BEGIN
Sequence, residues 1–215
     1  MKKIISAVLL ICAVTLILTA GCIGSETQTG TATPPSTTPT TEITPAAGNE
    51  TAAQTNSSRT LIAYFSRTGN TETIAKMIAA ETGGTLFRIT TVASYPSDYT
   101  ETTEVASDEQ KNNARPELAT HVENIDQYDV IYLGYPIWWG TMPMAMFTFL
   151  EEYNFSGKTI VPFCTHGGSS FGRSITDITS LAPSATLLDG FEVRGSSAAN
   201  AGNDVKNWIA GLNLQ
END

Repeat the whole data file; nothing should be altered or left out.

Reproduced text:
Sequence, residues 1–215
     1  MKKIISAVLL ICAVTLILTA GCIGSETQTG TATPPSTTPT TEITPAAGNE
    51  TAAQTNSSRT LIAYFSRTGN TETIAKMIAA ETGGTLFRIT TVASYPSDYT
   101  ETTEVASDEQ KNNARPELAT HVENIDQYDV IYLGYPIWWG TMPMAMFTFL
   151  EEYNFSGKTI VPFCTHGGSS FGRSITDITS LAPSATLLDG FEVRGSSAAN
   201  AGNDVKNWIA GLNLQ